Friday finds: Week 36 – 2017

Here are som websites I have looked at this week

Having the flu is not fun, but not being able to do much else, it gave me time to read some.


At the website ThorNews “SUPPLIER OF NORWEGIAN CULTURE” I found an article called Old Norse Girl Names – Alphabetical List and Meanings Why not take a look here and see if you can find a suitable name for the family’s newborn girl.


I have not worked with DNA in relation to genealogy so I am trying to learn more about this. I found and interesting article at Kitty Cooper’s blog. The 25% relationship: a first look at the data

 


It is always fun to share other blogs with a Norwegian connection. Teri Hjelmstad’s website Norsky.net is an interesting place to visit. It contains Tei’s blog, her family trees and photos related to her genealogy.

 


As I keep finding genealogical information posted online with no sources attached, I am returning to a topic I have touched upon several times. Some genealogist wrote that “without proper sources a family history is mere fairy tales” from the find my past blog I share  Debbie Mieszala’s article Citations: the importance of citing your sources.


Having watched the devastation in Texas and monitoring the next big storm that might hit Florida, I hope people have taken steps to protect their irreplaceable belongings.  If not this article might be of interest. All is Not Lost: Rescuing Memories After the Flood by Carolyn Nicolaysen. The article is from the Meridian Magazine.


 We have all these stories told in the family. Some are true, but others does sometimes turn out to be false. Jeanne Bryan Insalaco writes about this in her blog Everyone Has a Story. Read her article Family Stories: True or False


It was not only immigrants from Norway who had to adapt their names in their new country. Tv personality Pat Sajak, on the website  Ricochet tells about his name and his visit to the house his grandfathers left in Poland Pat Sajak’s Letter “D” in Poland.


Here are some other blogs that presents links under the “finds” meme:

If you enjoy my reflections on genealogy, be sure to follow me on twitter. I am also on Instagram where I share pictures from Norway, often with a genealogy theme. Click here to reach me. You can subscribe to this blog by leaving your email address in the subscription field on the front page.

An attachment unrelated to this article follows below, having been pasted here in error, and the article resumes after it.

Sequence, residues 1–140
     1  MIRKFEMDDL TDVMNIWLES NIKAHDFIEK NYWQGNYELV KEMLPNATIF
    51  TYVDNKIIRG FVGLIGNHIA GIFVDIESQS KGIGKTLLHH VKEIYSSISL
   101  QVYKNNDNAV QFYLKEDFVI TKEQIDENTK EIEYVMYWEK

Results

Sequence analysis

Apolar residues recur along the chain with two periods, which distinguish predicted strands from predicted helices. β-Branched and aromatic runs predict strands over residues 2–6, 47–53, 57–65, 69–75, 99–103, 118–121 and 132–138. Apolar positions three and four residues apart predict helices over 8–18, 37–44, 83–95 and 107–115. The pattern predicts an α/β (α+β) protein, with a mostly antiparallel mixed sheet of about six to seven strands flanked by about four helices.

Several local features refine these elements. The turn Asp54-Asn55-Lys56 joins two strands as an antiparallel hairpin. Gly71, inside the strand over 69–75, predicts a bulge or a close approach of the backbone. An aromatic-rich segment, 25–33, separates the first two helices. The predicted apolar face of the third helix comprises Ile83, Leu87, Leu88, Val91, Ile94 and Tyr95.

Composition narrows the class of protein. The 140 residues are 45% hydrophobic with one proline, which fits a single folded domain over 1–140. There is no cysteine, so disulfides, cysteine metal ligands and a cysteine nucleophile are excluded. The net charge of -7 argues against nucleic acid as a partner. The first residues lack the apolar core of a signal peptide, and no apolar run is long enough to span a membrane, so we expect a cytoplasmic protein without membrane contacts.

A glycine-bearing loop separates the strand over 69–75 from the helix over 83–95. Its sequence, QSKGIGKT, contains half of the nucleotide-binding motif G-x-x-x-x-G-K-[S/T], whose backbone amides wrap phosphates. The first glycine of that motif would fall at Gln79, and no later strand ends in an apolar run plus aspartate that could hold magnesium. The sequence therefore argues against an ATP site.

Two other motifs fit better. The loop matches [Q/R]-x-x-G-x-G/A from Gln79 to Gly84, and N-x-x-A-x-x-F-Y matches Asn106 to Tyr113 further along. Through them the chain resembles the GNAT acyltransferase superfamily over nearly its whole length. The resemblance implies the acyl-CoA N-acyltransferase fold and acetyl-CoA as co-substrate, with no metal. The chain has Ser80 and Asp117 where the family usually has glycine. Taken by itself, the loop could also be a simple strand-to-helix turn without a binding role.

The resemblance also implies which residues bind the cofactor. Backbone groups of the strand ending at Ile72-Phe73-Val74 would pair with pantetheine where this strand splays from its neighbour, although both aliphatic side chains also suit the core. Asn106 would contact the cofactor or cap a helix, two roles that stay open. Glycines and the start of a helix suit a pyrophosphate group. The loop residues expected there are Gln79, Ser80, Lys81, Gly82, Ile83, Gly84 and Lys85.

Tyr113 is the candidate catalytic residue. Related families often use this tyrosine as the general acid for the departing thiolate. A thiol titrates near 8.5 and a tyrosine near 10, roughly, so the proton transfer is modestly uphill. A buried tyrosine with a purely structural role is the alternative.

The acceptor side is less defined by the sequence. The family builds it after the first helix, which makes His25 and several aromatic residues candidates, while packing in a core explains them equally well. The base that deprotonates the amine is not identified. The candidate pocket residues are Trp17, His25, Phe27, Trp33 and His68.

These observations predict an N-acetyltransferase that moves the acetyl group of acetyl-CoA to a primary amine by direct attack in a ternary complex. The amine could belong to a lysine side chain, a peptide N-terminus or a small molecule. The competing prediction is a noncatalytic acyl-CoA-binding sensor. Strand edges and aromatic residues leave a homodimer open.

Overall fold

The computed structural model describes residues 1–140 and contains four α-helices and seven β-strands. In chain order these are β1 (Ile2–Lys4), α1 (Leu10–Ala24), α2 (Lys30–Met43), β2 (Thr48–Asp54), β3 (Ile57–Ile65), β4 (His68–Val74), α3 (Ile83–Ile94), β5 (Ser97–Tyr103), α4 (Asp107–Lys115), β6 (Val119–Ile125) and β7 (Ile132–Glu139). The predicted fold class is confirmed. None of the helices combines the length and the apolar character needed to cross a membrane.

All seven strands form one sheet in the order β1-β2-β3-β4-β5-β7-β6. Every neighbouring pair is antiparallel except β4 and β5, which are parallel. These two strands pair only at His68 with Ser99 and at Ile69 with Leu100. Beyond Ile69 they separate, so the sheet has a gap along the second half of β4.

I am also grateful if you share my blog with fellow genealogists.

Have a great weekend!

4 thoughts on “Friday finds: Week 36 – 2017

  • September 8, 2017 at 11:40 pm
    Permalink

    Hi Martin,
    I was fascinated by the link to the names blog. I am third generation Norwegian in the United States, but my middle name is Thordis – which was my Mom’s first name. She was named for an aunt of hers that passed away as a baby. I gave my oldest daughter the middle name of Thordis, and she gave her oldest daughter the middle name of Thordis. So, now there are 5 in a row. It is very unusual in my circles, but common in our family.

    Daughter number 2 we named Dagny for a first name, after my grandmother’s middle name. It is pretty rare here also, but it totally fits her!

    Thanks again for the blog,
    Clytee Thordis Kleager Gold

    Reply
    • September 9, 2017 at 3:35 pm
      Permalink

      Both Thordis and Dagny are beautiful old Norwegian names. Unfortunately not as popular as earlier. We gave all our children old Norwegian names Steinar Roe, Hans Inge and Karoline Synnøve. I am sometimes asked about my middle name Roe. This is often a surname, but here in Romsdal this name is used as a given name. My father was Bjarte Roe, I am Martin Roe and our oldest son is Steinar Roe. He has promised that if he gets a son he will include the Roe name.

      Reply
  • September 16, 2017 at 3:24 am
    Permalink

    Yea for family names!! How do you say “Roe”, is it like row with a long “o”?

    Reply
    • September 17, 2017 at 4:57 pm
      Permalink

      I guess the best way to “print” the pronounciation is Roeh. There is no “w” but an pronounced “e → eh” at the end. The O isn’t long.

      Reply

Tell me what you think about this article!